Every parent is familiar with the typical back to school routine. Buying stationary, trying on new school uniforms and realising last minute that school shoes no longer fit as the more relaxed summer days fade away. But for students who study via Distance Education (DE), their back to school routine is far from that of the traditional schooling student.

One family in particular gets to experience ‘back to school’ from both perspectives. With one child studying via DE and another studying at a traditional school, the Giovanazzi’s provide great insight into how they meet the needs of all of their children as they prepare to go back to school, regardless of that school’s location.

“We have been lucky enough to find schooling that fits the needs and learning styles for all of our children, even if they are different,” comments Belinda Giovanazzi, mother of four diversely educated children, as she says.

Different Challenges

Preparing for each child to return to school sees its own challenges. For Belinda’s DE student she knows almost all of their work is completed online, meaning that a strong internet connection and good laptop with current software are essential tools for that child’s success. For her traditional school children, Belinda knows the beginning of the year will see a rush to buy stationary, books, uniforms, and school shoes.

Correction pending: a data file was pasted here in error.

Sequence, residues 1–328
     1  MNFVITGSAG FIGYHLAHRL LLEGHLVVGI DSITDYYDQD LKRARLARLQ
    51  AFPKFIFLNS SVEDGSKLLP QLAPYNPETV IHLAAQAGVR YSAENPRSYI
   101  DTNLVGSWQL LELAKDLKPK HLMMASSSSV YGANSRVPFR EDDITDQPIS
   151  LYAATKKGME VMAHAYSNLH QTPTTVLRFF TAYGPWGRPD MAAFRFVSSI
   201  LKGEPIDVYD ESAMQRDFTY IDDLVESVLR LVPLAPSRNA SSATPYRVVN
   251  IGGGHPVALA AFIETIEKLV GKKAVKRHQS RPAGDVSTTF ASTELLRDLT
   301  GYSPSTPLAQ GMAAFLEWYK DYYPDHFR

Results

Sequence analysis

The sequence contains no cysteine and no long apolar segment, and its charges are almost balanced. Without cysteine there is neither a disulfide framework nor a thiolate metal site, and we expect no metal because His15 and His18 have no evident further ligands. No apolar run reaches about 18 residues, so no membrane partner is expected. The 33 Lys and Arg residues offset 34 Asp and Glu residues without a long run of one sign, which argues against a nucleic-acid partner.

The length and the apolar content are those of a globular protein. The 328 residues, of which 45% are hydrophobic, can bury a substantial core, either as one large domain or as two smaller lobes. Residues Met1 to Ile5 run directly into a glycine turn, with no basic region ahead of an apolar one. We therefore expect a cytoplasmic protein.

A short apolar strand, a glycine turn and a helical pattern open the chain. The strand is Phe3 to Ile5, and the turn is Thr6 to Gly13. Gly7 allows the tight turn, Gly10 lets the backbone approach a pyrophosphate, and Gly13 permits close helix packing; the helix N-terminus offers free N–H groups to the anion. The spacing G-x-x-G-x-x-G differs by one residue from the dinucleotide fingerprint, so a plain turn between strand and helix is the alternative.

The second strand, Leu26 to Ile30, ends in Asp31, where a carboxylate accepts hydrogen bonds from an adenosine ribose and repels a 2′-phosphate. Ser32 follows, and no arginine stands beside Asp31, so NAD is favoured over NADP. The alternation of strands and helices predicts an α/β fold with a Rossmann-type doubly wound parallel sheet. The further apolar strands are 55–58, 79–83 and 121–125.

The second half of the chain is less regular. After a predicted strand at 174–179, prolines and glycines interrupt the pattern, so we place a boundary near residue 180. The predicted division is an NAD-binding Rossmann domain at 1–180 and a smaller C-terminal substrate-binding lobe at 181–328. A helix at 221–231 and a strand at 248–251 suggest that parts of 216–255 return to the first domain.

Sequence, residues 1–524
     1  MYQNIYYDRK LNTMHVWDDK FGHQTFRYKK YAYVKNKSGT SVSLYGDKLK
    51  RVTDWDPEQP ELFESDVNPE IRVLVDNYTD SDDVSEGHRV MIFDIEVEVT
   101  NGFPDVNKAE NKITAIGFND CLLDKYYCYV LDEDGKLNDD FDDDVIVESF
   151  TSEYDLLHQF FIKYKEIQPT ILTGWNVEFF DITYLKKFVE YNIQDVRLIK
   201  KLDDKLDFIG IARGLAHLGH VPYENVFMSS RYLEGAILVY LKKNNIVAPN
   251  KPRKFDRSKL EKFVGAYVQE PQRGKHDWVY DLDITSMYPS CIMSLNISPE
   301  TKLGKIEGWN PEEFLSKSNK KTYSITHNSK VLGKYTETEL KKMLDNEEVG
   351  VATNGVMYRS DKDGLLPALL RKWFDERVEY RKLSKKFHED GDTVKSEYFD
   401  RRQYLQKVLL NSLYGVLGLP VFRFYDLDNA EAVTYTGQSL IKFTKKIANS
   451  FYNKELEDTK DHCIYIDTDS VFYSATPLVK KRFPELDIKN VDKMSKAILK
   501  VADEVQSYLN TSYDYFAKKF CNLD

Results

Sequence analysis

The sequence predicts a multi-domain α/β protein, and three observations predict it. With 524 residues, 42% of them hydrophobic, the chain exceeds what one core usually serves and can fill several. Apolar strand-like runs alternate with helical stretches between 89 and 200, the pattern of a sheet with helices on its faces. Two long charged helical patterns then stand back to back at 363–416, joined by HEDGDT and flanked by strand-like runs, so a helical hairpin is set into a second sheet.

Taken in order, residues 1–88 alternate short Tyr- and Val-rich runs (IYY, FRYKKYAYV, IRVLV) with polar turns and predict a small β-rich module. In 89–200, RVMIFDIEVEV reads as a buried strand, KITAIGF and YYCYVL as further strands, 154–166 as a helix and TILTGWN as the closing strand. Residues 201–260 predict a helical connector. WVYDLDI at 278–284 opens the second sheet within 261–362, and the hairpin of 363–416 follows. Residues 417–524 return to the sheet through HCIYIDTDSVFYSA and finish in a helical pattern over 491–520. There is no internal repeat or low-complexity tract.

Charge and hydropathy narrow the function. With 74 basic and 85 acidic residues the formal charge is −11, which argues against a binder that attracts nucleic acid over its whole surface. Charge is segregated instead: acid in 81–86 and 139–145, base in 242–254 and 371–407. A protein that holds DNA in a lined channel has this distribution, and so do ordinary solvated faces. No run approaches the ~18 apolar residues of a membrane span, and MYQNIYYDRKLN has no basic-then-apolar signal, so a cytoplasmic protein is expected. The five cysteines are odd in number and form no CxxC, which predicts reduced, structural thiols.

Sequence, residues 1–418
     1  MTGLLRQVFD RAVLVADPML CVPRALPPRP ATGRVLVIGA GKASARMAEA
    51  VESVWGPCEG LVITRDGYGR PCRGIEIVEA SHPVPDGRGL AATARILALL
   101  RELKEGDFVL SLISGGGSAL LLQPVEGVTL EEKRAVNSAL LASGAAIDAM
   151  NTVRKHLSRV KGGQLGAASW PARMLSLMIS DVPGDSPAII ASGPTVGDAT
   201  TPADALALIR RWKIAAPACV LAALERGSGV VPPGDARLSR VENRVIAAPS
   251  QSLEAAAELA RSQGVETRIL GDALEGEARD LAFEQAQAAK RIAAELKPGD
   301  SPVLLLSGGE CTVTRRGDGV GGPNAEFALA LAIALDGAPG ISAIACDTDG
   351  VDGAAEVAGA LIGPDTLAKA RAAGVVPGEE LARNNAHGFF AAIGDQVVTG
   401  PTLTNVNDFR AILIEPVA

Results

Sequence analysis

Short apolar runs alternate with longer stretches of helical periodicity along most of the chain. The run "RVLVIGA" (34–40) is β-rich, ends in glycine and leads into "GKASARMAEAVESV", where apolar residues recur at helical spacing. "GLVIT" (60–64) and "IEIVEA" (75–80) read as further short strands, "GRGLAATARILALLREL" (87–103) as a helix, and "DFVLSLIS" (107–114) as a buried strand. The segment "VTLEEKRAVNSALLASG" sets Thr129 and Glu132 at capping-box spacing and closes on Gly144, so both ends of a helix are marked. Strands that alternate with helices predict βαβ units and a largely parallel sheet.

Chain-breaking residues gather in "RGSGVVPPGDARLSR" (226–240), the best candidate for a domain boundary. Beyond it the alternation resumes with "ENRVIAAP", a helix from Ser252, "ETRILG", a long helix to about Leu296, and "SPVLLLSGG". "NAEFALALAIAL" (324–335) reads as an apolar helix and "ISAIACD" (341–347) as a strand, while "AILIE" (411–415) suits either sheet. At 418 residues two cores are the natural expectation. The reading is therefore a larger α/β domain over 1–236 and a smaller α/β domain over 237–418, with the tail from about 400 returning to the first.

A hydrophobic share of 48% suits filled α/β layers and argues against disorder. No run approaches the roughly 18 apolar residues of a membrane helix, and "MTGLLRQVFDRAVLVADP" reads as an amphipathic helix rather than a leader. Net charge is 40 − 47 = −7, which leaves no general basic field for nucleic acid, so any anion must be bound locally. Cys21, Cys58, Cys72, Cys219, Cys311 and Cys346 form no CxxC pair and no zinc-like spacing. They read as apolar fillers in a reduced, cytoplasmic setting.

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Significant Improvement

The Giovanazzi family chose different paths to meet the different needs of their children, even if it’s not always the most convenient option. Belinda’s daughter, Eva, has seen a significant academic improvement since switching to Distance Education, with Belinda commenting “she’s now able to take the time she really needs to study independently and at her own pace.”

Of her traditional school son, Aaron, Belinda said “We also like traditional schooling for Aaron, who thrives having in-person support from teachers and peers, along with the social development that suits him.”

The school days for Belinda’s children are uniquely different. Although they all eat breakfast together, one leaves and one stays home to start their school days.

More Responsibility

Eva who has just started year 8 is given a lot of responsibility when it comes to her Distance Education environment. She is solely responsible for how much work and what subjects to tackle in a given day, with an added bonus of getting to make her own lunch in the kitchen when lunchtime rolls around.

Aaron on the other hand has started year 10 in the traditional schooling environment where he is thriving. He doesn’t have reminders of due dates evident for his parents to see like Eva does via the DE portal; he takes on that responsibility himself and must keep accountable of his deadlines.

After school, the teens often collaborate on homework, assisting one another in their respective strength areas.

“We understand that this strategy of schooling definitely isn’t the norm, but we are lucky enough to find something that works for both kids and see two different education styles and their benefits for our children,” says Belinda.